They were thankful for answers (the right ones this time), but coming to terms with a decade-long misdiagnosis wasn’t exactly what they were after either. 

And still, Kimberlexia persevered. She did well in school, made friends, and tried to soak up as much of the experience as possible. She has a way of looking on the bright side, of finding the positive in any situation. But still, the FOMO was real. 

“I cried when I had to miss my senior trip,” she told us. “That was the biggest one for me that I didn’t get to experience. The school just didn’t have a way to accommodate me and my chair. So yeah, there were a lot of things that I missed out on.”

It’s a bittersweet symphony, that’s life.

Kim endured a life-altering misdiagnosis and numerous setbacks, including a disease that progressed so fast, she’s not able to write much with her hands anymore and has lost the majority of feeling in her legs. 

But Kimberlexia is pretty unstoppable.

“The prognosis is what it is and there’s no treatment for it,” she told us. “So I’m content with what it is. I haven’t been walking since I was about five years old, and it bothers me sometimes, but I try not to dwell on things I can’t do anything to change.”

What she does focus on is accomplishing every goal she sets for herself.

After graduating from high school, she pursued an online college degree, earning her bachelor’s in criminal justice studies. She has her sights set on getting her master’s degree next, which she plans to use to find a career working in the juvenile justice system.

She also wants to do it in person. “I really want to experience college from the campus,” Kim said. “And I think I deserve that.”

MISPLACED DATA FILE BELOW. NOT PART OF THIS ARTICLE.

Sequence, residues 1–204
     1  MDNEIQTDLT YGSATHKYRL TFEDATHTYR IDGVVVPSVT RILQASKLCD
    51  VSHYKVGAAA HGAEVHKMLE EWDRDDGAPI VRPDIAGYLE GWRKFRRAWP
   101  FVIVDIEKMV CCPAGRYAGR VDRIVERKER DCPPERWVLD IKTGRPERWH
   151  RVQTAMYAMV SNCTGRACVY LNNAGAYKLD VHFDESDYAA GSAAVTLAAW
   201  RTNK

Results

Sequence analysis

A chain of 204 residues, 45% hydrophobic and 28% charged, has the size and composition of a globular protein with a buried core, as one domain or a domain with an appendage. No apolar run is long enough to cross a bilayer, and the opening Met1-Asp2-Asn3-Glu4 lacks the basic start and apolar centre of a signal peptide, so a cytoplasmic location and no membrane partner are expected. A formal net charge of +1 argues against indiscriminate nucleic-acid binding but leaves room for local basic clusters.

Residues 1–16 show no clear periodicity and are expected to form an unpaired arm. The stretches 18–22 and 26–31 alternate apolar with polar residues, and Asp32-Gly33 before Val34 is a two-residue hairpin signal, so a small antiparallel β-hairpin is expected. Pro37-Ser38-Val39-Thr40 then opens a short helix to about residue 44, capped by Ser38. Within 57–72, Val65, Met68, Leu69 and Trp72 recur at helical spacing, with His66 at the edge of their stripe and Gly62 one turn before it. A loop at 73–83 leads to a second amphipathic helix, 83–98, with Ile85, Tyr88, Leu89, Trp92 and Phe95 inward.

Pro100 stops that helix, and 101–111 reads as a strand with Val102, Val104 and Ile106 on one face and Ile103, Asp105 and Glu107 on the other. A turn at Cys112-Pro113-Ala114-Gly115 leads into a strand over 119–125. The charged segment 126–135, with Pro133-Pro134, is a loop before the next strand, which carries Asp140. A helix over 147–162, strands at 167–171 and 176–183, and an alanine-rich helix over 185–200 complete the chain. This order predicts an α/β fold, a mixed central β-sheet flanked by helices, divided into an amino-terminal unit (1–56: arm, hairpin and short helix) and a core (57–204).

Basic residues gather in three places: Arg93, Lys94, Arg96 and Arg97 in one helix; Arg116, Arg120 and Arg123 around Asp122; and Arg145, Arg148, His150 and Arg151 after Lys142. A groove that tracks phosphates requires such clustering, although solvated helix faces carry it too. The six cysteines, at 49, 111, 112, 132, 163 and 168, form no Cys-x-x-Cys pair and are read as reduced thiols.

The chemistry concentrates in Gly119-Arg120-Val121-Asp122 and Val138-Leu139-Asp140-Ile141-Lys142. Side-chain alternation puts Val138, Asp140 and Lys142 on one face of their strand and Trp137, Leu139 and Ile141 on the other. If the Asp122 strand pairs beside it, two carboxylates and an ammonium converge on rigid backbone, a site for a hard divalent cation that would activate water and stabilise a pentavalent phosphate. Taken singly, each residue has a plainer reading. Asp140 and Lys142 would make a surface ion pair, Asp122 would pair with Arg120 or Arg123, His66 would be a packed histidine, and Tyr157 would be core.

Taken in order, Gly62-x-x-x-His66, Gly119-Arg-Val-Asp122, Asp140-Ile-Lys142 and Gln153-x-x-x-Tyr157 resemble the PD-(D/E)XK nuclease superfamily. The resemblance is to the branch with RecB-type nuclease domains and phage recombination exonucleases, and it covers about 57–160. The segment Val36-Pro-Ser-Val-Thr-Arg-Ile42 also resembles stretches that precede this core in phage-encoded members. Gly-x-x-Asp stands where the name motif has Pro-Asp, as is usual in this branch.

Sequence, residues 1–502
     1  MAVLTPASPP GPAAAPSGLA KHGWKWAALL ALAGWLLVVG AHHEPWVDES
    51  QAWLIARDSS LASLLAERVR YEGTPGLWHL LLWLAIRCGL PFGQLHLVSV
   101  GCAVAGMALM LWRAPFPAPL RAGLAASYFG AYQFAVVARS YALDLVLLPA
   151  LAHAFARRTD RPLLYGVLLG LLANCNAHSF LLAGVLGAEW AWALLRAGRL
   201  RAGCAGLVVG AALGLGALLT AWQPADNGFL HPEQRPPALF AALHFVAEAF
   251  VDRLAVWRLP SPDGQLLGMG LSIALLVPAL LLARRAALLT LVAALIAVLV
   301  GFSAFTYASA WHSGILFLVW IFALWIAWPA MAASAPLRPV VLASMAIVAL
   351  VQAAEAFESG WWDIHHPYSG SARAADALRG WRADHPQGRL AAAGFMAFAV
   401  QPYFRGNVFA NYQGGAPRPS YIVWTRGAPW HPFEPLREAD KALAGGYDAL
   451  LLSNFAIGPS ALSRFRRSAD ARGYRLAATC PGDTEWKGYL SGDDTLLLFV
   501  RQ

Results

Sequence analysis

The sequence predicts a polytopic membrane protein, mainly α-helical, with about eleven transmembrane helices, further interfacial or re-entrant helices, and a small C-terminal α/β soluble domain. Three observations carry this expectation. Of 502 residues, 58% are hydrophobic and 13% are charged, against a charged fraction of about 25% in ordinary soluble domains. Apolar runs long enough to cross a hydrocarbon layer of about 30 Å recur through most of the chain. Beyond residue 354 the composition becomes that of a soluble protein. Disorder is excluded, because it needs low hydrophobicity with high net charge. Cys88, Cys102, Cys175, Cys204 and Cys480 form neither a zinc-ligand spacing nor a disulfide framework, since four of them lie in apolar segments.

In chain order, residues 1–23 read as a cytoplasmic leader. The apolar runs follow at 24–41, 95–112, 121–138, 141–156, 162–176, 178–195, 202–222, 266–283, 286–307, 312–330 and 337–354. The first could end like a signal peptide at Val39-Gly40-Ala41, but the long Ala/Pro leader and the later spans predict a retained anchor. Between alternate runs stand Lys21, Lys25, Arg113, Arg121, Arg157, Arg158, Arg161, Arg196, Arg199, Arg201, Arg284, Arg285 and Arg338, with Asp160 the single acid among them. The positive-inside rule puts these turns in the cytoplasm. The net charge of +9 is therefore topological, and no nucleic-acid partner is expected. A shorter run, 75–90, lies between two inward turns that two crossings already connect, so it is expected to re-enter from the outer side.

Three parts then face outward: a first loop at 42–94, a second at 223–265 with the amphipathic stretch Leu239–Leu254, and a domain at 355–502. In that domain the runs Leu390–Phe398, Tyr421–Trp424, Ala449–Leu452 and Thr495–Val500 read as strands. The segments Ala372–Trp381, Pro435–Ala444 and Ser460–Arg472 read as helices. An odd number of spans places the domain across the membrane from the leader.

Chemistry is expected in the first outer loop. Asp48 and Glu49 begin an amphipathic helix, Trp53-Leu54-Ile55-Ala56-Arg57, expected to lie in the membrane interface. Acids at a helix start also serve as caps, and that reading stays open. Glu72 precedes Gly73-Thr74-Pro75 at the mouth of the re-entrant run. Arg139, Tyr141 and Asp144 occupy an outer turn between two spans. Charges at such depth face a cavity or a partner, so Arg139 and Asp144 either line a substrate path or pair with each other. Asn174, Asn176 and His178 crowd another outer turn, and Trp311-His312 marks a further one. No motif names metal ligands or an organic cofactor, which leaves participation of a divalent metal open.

We do, too. There was just one problem - she needed transportation and they couldn’t afford it on their own. Then they heard of Chive Charities.

As Kimberlexia’s mom filled out the application, she included a note:

“I have witnessed my baby earn two degrees fully online. I’m so proud of her. But I’m also saddened by the fact that she can’t take her motor chair to graduation. As she embarks on her career, I want to be able to take my child anywhere she has to go, comfortably. She is already faced with many challenges. I want to help her overcome them, and with your help, I can.”

They had the will to seek help and improve their lives. They just needed the way.

Through the support of our Green Ribbon Fund donors, you helped provide it in the form of a 2019 Dodge Grand Caravan from our partners at AMS Vans. The total impact was $46,299. 

“I consider myself beautifully flawed,” Kimberlexia said. “When people see me, they expect me to feel bad because I can’t walk. But I’m happy. I’m a human. I just can’t walk.”

“This van means everything. I’m so thankful. So excited. So ready.”

Kimberlexia has experienced her fair share of FOMO. And yes, sometimes the bittersweet moments outweighed the positive ones. Misdiagnosis. Painful side effects. A rare and degenerative disease. 

But that doesn’t define Kimberlexia.

She’s beautifully flawed, a happy and content human being with so much to offer. And thanks to donors like you, we can help her get rid of the bitter part and get back to the sweet. 

It’s a sweet symphony, that’s life. 

Now that’s a verse we can get behind. DONATE HERE